Apostille Canada

Authentication & Legalization

When documents are notarized in Canada for use abroad, such documents must go through a process of “authentication” and “legalization” in order for them to be valid in the foreign jurisdiction. The combined process of “authentication” and “legalization” is the Canadian equivalent of “apostille certificates” issued in other countries that are signatories to The Hague Convention Abolishing the Requirement of Legalization for Foreign Public Documents (1961). As Canada did not sign this convention, notaries in Canada do not provide “apostille certificates”. However, in most circumstances (depending on the country and document in question), Red Seal Notary can provide you with our authentication and legalization services, whereby, we will authenticate and/or legalize your notarized documents for an extra fee (for details of our fees for this service, see below).

“Authentication” is intended to remove the burden on foreign courts and foreign authorities in proving the genuineness of documents originating outside of their countries. Authentication is undertaken by both the Department of Foreign Affairs and International Trade (“DFAIT”) and provincial authentication authorities such as the Government of Ontario’s Management Board Secretariat (Official Documents) or the Official Documents and Appointments branch of Alberta’s Department of Justice. Whether DFAIT and the provincial authentication authority are both required to authenticate a document depends entirely on the recipient foreign country’s rules and, as such, advice should be sought from that country’s embassy or consulate.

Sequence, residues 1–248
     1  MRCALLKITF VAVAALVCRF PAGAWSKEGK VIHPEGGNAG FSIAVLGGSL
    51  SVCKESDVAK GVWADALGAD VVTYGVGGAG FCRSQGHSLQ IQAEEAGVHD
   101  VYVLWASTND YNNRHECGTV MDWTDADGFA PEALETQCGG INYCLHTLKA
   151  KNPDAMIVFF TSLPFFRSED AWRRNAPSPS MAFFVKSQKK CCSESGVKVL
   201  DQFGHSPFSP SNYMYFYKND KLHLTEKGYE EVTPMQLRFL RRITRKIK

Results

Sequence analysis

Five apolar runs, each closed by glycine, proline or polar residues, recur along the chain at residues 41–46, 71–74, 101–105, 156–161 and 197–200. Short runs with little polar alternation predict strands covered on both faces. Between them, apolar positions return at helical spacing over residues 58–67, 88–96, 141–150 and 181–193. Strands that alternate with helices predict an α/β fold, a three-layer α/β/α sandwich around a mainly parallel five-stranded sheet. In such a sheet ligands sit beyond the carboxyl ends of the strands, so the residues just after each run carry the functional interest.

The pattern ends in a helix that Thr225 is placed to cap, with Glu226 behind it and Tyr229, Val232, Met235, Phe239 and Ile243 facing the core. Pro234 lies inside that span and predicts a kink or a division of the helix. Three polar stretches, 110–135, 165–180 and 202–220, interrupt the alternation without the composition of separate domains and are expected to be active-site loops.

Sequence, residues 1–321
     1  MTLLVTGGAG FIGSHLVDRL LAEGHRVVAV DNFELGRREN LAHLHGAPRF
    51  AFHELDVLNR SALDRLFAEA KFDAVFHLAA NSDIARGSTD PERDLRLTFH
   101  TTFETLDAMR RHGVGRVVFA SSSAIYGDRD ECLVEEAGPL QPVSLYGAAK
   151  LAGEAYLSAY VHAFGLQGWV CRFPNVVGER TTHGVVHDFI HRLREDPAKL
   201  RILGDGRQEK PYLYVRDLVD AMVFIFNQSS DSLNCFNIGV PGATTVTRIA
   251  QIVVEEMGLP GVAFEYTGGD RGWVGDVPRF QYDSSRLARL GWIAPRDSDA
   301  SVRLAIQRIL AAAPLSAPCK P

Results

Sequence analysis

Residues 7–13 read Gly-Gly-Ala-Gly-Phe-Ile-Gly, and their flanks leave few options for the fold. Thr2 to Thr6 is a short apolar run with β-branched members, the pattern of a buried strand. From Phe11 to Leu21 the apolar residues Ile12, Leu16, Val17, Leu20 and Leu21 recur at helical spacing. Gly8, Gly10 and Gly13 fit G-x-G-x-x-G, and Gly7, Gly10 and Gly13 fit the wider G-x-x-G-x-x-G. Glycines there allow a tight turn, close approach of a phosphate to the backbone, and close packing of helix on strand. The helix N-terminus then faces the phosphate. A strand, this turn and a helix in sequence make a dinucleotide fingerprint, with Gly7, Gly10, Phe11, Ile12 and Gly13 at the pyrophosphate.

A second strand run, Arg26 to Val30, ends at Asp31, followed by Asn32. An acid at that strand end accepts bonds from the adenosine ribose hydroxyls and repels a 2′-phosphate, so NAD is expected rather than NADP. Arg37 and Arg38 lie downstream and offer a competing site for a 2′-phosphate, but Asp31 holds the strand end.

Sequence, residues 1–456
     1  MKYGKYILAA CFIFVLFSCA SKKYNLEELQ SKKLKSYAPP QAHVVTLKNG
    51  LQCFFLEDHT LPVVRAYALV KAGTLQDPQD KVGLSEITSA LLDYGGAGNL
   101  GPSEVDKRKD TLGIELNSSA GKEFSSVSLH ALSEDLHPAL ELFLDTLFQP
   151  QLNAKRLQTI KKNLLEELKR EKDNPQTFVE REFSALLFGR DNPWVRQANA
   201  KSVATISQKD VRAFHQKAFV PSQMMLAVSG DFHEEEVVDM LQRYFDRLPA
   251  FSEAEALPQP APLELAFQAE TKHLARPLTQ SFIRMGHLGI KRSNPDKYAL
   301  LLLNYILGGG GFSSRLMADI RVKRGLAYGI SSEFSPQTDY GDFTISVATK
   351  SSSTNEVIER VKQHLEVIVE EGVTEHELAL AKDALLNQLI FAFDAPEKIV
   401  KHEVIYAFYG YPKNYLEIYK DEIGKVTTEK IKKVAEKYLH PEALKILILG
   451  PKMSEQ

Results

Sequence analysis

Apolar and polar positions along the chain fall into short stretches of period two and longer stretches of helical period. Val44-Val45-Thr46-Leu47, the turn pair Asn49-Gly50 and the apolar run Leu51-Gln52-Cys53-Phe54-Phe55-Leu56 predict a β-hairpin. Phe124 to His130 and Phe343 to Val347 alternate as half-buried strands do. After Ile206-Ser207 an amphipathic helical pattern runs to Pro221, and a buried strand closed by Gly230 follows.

Authentication verifies the registration of a notary public as well as the notary’s seal and signature. When a request is made, DFAIT and/or the provincial authentication authority checks its records to confirm the notary’s registration and compares the notarial seal and signature on the document being submitted against records it holds of the notary’s seal and signature. When the notary’s authority, signature and seal are confirmed, the document to be authenticated will then receive a stamp (DFAIT) and/or an additional seal together with a statement from the provincial authentication authority to the effect that the notary is “known to be in good standing”. Once this happens, nothing may be added to or removed from the document.

After authentication, “legalization” occurs when the document is presented to the consulate of the relevant foreign country for certification. At that point, the document normally acquires legal validity in the intended country of use.


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